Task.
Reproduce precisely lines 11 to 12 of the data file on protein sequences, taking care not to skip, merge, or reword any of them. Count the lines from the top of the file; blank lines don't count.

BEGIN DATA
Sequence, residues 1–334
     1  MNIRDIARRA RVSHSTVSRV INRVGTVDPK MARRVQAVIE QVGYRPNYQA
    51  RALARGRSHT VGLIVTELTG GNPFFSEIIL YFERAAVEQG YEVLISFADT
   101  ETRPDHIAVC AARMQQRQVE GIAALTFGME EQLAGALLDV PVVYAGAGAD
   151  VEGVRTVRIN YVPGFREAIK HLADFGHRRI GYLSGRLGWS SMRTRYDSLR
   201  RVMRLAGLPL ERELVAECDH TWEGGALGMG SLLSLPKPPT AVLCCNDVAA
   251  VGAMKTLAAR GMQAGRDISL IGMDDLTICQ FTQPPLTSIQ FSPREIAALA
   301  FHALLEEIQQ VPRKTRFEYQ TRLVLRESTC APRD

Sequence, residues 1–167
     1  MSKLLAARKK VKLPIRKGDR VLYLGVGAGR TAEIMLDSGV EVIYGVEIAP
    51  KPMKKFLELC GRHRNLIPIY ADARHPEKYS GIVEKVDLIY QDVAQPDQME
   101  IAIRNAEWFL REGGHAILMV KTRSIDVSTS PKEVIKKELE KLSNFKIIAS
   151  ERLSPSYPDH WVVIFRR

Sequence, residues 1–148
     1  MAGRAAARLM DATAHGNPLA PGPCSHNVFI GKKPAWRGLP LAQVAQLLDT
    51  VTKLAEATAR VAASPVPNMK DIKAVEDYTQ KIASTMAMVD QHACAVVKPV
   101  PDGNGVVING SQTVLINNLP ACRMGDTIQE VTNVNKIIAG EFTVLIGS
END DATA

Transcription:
    51  KPMKKFLELC GRHRNLIPIY ADARHPEKYS GIVEKVDLIY QDVAQPDQME
   101  IAIRNAEWFL REGGHAILMV KTRSIDVSTS PKEVIKKELE KLSNFKIIAS